The nation’s smallest employers don’t yet see the glass as half full, but they’re consistently reporting it as slightly less empty.
The latest index showed a decline in the number of employers who think business conditions and sales will soon worsen. (Jeffrey MacMillan/For The Washington Post) Small-business optimism increased for the third consecutive month, gaining 1.8 points in November, according to the National Federation of Independent Business index released Tuesday. That merely lifts the index to a yet-weak 92.0, still well below pre-recession levels and two points lower than the mark set at the start of the year.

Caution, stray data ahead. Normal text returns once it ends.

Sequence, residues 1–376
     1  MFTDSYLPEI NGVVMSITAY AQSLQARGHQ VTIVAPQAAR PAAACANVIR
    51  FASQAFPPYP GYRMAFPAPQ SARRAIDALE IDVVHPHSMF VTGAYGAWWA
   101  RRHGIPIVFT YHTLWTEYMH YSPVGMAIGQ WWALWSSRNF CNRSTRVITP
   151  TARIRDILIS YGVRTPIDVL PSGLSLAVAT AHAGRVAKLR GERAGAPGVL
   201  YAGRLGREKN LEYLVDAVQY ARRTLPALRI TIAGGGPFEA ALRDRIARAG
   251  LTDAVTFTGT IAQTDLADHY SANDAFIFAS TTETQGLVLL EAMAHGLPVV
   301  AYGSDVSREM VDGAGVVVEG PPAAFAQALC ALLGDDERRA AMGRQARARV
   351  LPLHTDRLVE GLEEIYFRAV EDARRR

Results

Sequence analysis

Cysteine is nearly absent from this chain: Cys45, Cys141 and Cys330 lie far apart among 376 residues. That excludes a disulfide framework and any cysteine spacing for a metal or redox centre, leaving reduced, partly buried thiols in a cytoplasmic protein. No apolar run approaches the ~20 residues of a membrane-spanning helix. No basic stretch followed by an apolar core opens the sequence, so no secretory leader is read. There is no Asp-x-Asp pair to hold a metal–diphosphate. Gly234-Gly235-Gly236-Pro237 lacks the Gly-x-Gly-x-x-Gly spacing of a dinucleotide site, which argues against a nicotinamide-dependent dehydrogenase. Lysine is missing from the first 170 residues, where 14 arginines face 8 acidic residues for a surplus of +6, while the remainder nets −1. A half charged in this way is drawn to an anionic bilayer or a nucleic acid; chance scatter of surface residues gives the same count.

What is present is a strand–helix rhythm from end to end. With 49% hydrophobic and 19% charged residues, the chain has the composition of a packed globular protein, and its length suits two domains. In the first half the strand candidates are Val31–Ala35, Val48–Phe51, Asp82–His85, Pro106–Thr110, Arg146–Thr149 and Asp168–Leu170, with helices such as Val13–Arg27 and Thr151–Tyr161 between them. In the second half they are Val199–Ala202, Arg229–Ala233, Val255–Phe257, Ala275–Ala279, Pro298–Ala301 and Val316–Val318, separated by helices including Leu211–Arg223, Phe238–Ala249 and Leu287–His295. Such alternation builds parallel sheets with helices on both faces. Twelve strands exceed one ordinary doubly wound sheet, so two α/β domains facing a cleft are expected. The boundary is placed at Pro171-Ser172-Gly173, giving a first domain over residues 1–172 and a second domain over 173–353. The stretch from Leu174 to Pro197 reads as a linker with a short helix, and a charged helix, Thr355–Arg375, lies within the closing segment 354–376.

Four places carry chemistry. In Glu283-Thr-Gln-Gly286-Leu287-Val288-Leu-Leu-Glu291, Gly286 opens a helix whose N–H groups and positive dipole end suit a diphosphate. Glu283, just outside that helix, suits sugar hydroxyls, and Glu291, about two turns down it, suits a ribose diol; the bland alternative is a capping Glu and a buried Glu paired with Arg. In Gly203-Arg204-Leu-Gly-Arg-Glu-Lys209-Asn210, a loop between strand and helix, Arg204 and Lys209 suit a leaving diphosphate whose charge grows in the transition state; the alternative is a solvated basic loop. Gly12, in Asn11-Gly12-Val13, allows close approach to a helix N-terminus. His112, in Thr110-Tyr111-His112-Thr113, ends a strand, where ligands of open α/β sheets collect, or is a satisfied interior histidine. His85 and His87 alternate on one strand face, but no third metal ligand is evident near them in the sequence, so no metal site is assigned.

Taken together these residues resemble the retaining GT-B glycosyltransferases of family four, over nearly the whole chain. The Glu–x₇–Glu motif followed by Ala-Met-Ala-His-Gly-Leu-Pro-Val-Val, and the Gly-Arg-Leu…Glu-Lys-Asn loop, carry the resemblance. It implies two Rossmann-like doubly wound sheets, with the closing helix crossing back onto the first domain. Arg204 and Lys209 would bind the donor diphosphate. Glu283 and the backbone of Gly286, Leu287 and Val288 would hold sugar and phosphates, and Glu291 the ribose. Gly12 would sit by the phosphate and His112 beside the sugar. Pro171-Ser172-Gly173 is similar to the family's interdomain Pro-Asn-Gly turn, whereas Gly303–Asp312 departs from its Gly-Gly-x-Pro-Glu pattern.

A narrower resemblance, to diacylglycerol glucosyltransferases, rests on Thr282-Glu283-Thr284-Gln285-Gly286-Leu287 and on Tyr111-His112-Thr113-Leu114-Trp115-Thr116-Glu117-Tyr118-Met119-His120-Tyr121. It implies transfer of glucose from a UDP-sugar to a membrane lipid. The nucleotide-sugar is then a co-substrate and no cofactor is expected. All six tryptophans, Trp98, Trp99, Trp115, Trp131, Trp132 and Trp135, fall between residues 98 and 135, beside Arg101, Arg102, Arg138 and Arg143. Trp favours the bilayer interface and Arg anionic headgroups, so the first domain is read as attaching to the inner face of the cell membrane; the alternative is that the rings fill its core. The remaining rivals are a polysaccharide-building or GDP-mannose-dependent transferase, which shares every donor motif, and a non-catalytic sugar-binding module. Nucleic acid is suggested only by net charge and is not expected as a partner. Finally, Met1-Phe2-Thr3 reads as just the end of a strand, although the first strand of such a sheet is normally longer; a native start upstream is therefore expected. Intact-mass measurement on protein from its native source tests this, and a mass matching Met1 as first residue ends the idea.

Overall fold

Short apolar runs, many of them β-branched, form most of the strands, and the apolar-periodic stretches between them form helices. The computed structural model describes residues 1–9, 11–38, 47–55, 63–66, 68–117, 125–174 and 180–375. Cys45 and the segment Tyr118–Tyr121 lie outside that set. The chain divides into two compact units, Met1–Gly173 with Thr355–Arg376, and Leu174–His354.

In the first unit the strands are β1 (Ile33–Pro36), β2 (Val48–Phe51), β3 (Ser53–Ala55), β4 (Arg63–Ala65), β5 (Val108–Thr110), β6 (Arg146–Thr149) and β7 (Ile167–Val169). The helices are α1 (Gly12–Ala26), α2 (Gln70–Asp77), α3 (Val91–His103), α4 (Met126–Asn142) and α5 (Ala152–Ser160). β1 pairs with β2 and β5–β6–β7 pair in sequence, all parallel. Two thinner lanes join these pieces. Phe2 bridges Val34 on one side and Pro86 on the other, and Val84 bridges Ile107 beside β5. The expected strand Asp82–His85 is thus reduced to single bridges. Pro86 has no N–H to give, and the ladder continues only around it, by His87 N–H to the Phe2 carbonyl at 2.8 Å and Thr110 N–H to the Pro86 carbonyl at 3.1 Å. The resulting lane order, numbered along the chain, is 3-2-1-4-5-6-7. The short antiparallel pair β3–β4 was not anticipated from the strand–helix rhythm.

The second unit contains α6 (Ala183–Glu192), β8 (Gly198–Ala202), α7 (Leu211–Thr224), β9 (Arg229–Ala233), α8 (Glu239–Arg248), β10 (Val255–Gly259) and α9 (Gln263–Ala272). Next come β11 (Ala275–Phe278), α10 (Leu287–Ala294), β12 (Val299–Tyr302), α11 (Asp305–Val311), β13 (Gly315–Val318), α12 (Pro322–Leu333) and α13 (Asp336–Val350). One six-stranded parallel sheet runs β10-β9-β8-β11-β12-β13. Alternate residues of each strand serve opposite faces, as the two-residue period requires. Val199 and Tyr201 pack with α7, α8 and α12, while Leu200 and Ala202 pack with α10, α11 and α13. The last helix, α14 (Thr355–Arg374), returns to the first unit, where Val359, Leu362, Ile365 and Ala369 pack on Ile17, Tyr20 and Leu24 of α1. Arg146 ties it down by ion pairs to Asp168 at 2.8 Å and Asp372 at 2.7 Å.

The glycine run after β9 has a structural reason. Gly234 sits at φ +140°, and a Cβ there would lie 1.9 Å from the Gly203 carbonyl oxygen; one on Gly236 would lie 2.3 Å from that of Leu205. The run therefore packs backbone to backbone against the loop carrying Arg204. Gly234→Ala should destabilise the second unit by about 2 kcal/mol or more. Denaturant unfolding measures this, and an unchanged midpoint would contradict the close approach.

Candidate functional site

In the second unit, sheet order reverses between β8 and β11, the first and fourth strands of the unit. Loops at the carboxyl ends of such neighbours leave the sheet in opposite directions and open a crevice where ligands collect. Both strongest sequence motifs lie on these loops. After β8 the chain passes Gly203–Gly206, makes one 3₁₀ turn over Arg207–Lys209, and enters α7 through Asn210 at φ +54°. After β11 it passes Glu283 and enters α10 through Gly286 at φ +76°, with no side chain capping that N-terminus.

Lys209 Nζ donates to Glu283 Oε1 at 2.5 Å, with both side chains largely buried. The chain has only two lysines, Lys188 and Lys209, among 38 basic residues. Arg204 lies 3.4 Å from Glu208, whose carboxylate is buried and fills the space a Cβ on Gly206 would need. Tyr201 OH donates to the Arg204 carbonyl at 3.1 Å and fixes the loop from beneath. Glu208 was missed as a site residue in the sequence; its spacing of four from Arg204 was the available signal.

“After so many months of pessimism, November’s modest gain made it feel like spring, again,” NFIB Chief Economist Bill Dunkelberg said in a statement. “We have good reason to be optimistic about last month’s report and hopeful about what it means for the future. Still, our current reality is still very much the ongoing economic winter.”
Eight of the 10 index components improved or remained unchanged from the October report, with the most substantial gains posted in sales expectations gains and outlooks for business conditions — again, not necessarily because more owners expect improvement in those areas, but because fewer owners expect sales and business conditions to worsen.
Employment also jumped last month, ending five months of declining numbers. The index, based on the responses of 781 randomly sampled small businesses, indicated an overall increase in employment of 0.12 workers per firm. Seasonally adjusted, 13 percent of the owners added workers while 11 percent reduced employment.
By J.D. Harrison | 12:32 PM ET, 12/13/2011